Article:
Friday, 23 March 2007

English For Footballers

As a follow up to yesterday's post, here is an account by Nick Raistrick about his time spent working as a translator for Chilean defender Javier Margas.

English For Footballers
By Nick Raistrick

To some people I had the dream job. The hours were flexible, the money was great and I got into games for free. Teaching English to a footballer couldn't be easier. "It's not like they use big words, is it?" many of my colleagues pointed out.

My student was Javier Margas, a World Cup international who had marked Alan Shearer out of the game at Wembley, and played against Ronaldo. I was employed by West Ham because I speak Spanish, having taught in Barcelona and Madrid, though I never had a formal contract. Most clubs recruit teachers through recommendation, as in my case. Occasionally, Javier would receive badly spelt mailshots from "teachers" offering their services at £200 a day. As one of my tasks was to read and translate his mail, these naturally went straight in the bin.

West Ham now make a real effort to keep their players happy. They employ an education officer to assist in this and, through me, made sure that the player and his young family were happy. Other clubs are catching up and realising that a player represents a multi-million pound investment, with maintenance costs that go beyond a flash new car every six months.

It is still difficult for fans to imagine that a player at their club can be anything other than permanently ecstatic, particularly on the astronomical wages they receive. However the change of climate, food, language and lifestyle can be difficult for players to deal with. From Viña Del Mar to Chigwell is a big step. And being constantly in the public eye doesn't help.

When I first met Javier his English was, literally, limited to "Hello," and even this was heavily accented. We chatted briefly in Spanish, and got on well. Javier was keen to learn English. He was eager that his family, too, should learn English and benefit from the cultural experience of being in a new country.

We started immediately, so my first lesson involved the player, his wife, the nanny and three children (aged two to eight) all doing "Heads and Shoulders" in a hastily improvised lesson that was interrupted only by the hysterical laughter of my bizarre "class", and the curious stares of hotel staff.

Devising a curriculum for a soccer player turned out to be a strange task. There are no coursebooks. One to one lessons involve a lot of extra preparation, and, of course, the pressure was on. I had two weeks before the start of the season, and endured sleepless nights imagining the sports headlines if it all went wrong: "Confusion in Hammers defence - Teacher to blame!"

I recorded some cassettes for him to listen to in the car, and created a neo-Subbuteo style cardboard teaching aid for positions. Hours were spent with a football in the kitchen with Javier shouting "Man on!" (Or sometimes "Man Up", "Man Off" or even "Man Down"). Needless to say the nanny soon got tired of being a prop in these classes.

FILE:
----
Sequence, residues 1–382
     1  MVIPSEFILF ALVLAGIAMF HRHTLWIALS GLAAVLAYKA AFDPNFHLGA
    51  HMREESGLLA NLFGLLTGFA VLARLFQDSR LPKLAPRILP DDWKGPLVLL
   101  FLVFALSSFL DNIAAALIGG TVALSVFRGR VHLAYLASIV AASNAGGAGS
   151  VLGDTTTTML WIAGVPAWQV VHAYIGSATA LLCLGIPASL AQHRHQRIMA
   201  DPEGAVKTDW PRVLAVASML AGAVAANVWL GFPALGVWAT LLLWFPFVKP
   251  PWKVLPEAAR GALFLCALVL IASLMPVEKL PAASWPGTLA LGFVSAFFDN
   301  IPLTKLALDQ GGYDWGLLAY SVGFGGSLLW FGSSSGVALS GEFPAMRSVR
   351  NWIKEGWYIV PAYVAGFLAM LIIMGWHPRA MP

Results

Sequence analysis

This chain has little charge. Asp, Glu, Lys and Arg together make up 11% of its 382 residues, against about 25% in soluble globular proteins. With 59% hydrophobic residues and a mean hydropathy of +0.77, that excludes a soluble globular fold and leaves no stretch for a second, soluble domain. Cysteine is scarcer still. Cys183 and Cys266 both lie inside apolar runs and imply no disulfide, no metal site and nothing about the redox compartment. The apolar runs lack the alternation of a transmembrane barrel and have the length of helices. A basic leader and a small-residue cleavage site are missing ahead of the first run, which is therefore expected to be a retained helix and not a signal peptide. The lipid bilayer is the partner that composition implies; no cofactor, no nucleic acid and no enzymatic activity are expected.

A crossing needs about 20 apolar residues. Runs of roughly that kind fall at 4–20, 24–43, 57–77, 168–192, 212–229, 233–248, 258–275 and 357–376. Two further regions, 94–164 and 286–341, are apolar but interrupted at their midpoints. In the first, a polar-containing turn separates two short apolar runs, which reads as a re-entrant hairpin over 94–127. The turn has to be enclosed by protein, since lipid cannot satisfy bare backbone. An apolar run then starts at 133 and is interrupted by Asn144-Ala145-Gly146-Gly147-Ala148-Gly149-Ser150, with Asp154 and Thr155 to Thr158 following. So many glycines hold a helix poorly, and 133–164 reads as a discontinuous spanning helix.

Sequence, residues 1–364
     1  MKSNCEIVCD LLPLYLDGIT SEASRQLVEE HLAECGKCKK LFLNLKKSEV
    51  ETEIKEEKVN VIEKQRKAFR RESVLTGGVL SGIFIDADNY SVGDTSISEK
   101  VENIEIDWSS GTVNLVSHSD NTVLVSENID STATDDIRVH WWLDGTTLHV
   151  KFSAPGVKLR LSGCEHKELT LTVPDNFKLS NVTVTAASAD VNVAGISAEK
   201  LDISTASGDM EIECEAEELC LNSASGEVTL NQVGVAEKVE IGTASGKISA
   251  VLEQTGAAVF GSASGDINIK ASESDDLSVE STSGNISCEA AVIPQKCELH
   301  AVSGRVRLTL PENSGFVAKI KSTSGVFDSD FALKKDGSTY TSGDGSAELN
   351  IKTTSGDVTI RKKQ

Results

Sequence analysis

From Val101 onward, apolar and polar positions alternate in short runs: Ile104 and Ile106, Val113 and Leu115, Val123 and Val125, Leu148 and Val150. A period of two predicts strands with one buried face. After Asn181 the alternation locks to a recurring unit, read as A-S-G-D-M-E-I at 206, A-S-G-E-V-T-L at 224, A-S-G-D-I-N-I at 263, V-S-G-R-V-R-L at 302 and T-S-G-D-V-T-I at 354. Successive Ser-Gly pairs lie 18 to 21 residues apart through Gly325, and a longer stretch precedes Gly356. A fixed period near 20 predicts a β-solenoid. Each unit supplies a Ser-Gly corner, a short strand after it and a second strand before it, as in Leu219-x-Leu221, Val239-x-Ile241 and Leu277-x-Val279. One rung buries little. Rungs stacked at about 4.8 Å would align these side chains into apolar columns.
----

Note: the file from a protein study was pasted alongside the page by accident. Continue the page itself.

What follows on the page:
I also spent many mornings at the training ground trying to decipher John Hartson, and making a careful note of the colourful ways that "Please pass the ball," or "Do be careful there," can be expressed in English (all the time gaining material for future classes) - players need to react instinctively to instructions on the pitch.

A Breakfast Television crew came to the ground to interview me ("Do you teach him swear words?"), much to the bemusement of the players who were as surprised as me to see a teacher getting press attention. They kicked balls and hurled water in my direction, and one even exposed himself, and I knew I had been accepted.

My role had expanded at this stage to cover welfare and translation. As well as frequent press calls, contact with club staff, estate agents, car dealers and tattooists all had to be covered. It was a strange to watch BMW dealers literally running, making coffee and generally offering the sort of service most of us never see.

It was important that the family did not feel isolated, so getting them online was a priority.

When the nanny offered me a plate of uncooked garlic bread I realised that a shopping trip was in order, to prevent a high-profile food poisoning case. This was a typically madcap and noisy affair, with children crying, shop assistants scattering, the sound of laughter and my protests as I explained that despite the generous offer, it wasn't a good idea for him to buy me a car. Occasionally West Ham fans would stop and ask questions "So, 'ow come you speak Chilean?" or "Tell him he's good."

Sadly my involvement with the club ended when Javier was injured. It was a traumatic experience for all concerned, and not just because I had to translate complicated passages of the surgeon's medicalese.

He is now recovered and back at the club. In fact he got sent off the other week. I hope it wasn't anything to do with poor usage of modal verbs. I suspect it wasn't...

1 comment:

rich said...

The dream job! Can I ask how you got it? I'm a freelance English teacher, I speak French, Spanish and a little Japanese, but I can't imagine the Hammers signing anyone from Japan in the near future. Then again, I wouldn't have bet on seeing any Icelandic Biscuit Magnates. You never know...

 

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